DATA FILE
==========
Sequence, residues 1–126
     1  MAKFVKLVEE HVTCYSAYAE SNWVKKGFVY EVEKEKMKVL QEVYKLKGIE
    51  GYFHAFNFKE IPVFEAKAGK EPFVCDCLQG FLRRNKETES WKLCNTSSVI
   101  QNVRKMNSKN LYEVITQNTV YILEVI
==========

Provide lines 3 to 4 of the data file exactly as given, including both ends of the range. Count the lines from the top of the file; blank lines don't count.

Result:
    51  GYFHAFNFKE IPVFEAKAGK EPFVCDCLQG FLRRNKETES WKLCNTSSVI
   101  QNVRKMNSKN LYEVITQNTV YILEVI